I posted a similar question on the Jewish Mi Yodyea site asking what religious music would have been sung in Israel after the time of David and Solomon. One commentator gave a Wiki link, part of which says this:
The Book of Psalms (/sɑːmz/ or /sɔː(l)mz/ SAW(L)MZ; Hebrew: תְּהִלִּים, Tehillim, "praises"), commonly referred to simply as Psalms , the Psalter or "the Psalms", is the first book of the Ketuvim ("Writings"), the third section of the Hebrew Bible, and thus a book of the Christian Old Testament. The title is derived from the Greek translation, ψαλμοί, psalmoi, meaning "instrumental music" and, by extension, "the words accompanying the music". The book is an anthology of individual psalms, with 150 in the Jewish and Western Christian tradition and more in the Eastern Christian churches.
Psalms are used throughout traditional Jewish worship... According to the Talmud, these daily Psalms were originally recited on that day of the week by the Levites in the Temple in Jerusalem. From Rosh Chodesh Elul until Hoshanah Rabbah, Psalm 27 is recited twice daily following the morning and evening services. There is a Minhag (custom) to recite Psalm 30 each morning of Chanukkah after Shacharit: some recite this in place of the regular "Psalm for the Day", others recite this additionally. Source: The Ancient music of the Psalms
Jesus was intimately acquainted with all of the Law, the Prophets and the Wisdom Literature, and since the Psalms were set to music, it is almost certain Jewish people living 2,000 years ago would sing Psalms as part of their worship.
Many scholars believe the individual Psalms were redacted into a single collection in Second-Temple times. - Editorial agenda (Palms)
Despite the frequently heard view that their ancient music is lost, the means to reconstruct it are still extant. Fragments of temple psalmody are preserved in ancient church and synagogue chant, particularly in the tonus peregrinus melody to Psalm 114. Cantillation signs, to record the melody sung, were in use since ancient times; evidence of them can be found in the manuscripts of the oldest extant copies of Psalms in the Dead Sea Scrolls and are even more extensive in the Masoretic text, which dates to the Early Middle Ages and whose Tiberian scribes claimed to be basing their work on temple-period signs. (See Moshe ben Asher's 'Song of the Vine' colophon to the Codex Cairensis).
Several attempts have been made to decode the Masoretic cantillation, but the most successful is that of Suzanne Haïk-Vantoura (1928–2000) in the last quarter of the 20th century. Although some have dismissed Haïk-Vantoura's system, Mitchell has repeatedly defended it, showing that, when applied to the Masoretic cantillation of Psalm 114, it produces a melody recognizable as the tonus peregrinus of church and synagogue. Mitchell includes musical transcriptions of the temple psalmody of Psalms 120–134 in his commentary on the Songs of Ascents. Regardless of academic research, Sephardic Jews have retained a tradition in the Masoretic cantillation. Source: The ancient music of the Psalms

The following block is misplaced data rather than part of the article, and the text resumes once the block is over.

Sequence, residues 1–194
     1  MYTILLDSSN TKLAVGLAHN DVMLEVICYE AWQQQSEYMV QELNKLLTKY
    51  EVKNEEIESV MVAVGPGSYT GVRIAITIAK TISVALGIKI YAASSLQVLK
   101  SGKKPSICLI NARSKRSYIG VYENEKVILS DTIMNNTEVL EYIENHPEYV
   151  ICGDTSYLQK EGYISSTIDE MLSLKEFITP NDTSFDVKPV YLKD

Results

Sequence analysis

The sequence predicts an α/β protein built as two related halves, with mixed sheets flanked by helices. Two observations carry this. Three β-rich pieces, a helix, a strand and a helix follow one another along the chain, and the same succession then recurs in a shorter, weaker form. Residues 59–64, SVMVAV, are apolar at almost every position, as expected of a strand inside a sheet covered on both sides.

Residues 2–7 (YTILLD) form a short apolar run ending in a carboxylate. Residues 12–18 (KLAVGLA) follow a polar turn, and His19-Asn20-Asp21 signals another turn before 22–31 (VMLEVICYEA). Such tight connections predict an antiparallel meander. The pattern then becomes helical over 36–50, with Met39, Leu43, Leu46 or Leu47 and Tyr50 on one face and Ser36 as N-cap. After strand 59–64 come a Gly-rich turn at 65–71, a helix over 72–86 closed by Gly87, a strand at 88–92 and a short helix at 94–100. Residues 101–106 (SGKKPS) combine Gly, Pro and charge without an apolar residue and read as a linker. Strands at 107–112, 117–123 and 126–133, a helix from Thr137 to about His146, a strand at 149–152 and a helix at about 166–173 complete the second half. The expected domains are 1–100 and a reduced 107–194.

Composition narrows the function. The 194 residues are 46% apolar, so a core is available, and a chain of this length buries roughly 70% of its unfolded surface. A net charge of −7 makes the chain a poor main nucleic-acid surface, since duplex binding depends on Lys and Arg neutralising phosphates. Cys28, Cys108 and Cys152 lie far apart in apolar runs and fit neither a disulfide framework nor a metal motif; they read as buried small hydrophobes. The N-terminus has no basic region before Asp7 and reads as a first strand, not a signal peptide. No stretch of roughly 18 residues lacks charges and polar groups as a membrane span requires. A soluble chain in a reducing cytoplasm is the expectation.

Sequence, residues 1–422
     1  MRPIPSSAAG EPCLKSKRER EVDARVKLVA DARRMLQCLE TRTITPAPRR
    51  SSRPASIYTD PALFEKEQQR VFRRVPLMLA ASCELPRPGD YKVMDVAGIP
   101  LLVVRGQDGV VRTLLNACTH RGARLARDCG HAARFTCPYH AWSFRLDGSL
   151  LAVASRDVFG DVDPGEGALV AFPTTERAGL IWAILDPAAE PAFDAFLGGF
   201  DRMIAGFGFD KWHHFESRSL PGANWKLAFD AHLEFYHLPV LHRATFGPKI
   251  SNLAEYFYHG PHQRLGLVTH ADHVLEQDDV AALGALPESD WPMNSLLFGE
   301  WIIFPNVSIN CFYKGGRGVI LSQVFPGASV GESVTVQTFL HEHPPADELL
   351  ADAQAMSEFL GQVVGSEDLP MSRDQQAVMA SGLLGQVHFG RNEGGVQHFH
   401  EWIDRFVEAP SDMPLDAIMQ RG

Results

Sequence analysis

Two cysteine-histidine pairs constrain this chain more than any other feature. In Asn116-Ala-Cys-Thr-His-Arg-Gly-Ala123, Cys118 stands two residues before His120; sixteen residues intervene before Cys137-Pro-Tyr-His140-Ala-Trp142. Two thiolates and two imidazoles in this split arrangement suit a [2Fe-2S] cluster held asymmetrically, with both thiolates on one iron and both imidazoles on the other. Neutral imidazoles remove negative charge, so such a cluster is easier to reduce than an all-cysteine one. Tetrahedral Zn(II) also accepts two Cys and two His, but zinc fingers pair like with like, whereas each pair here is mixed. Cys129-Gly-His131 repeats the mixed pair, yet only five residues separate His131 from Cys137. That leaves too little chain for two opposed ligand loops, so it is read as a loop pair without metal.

Aryeh posted an excellent answer to my question, quoting from sources which show that the Levitical priests would sing in the Temple. One quote presents a construction of a daily Temple service. The answer concludes by saying:
Scholars infer what parts of what this Levite music sounded like from the Hebrew text of the Psalms, which might show call-and-response forms or refrains, the use of an unclear instrument (such as the alamot in Psalms 46), or the name of a forgotten scale (e.g., the shminit in Psalm 6).
Here is the link to the question I asked so you can read Aryeh’s answer in full: What religious music would have been sung in Israel after the time of David and Solomon?
Ancient Echoes has done recordings with melodies done in what they believe to be sung at the time of Jesus.
On a new CD, Ancient Echoes, SAVAE has once again turned to history for inspiration, this time in the ancient music of the Middle East. The recording is a collection of tunes, songs and prayers that date from the time of Jesus and Jerusalem's Second Temple, when Jews were returning to the holy city from exile in Babylon.
Before recording Ancient Echoes, SAVAE founder Covita Moroney and her husband, artistic director Christopher Moroney, spent a year and a half learning Aramaic, a language spoken in the Middle East 2,000 years ago. They also studied the proper pronunciations of ancient dialects of Hebrew and Arabic.
The prayers and lyrics on Ancient Echoes draw on a variety of sources, including the Dead Sea Scrolls, the Torah, the New Testament and an engraving on a Greek gravestone dating from the first century. The Moroneys based most of the musical compositions on the work of Jewish musicologist Abraham Idelsohn. Living and working in Jerusalem early in the 20th century, Idelsohn studied the music and stories of the early Jews returning from exile. He then compared their songs and tales with those of Jews moving back to Palestine in the early 1900s. - Music from the Time of Jesus
One can listen to the commentary about the making of this CD here.
If you find it helpful, you might want to give Aryeh’s answer an up-vote. I don’t know anything about Gregorian or Early Byzantine Chants, but the Wiki article on the ancient music of the Psalms may be of use to you.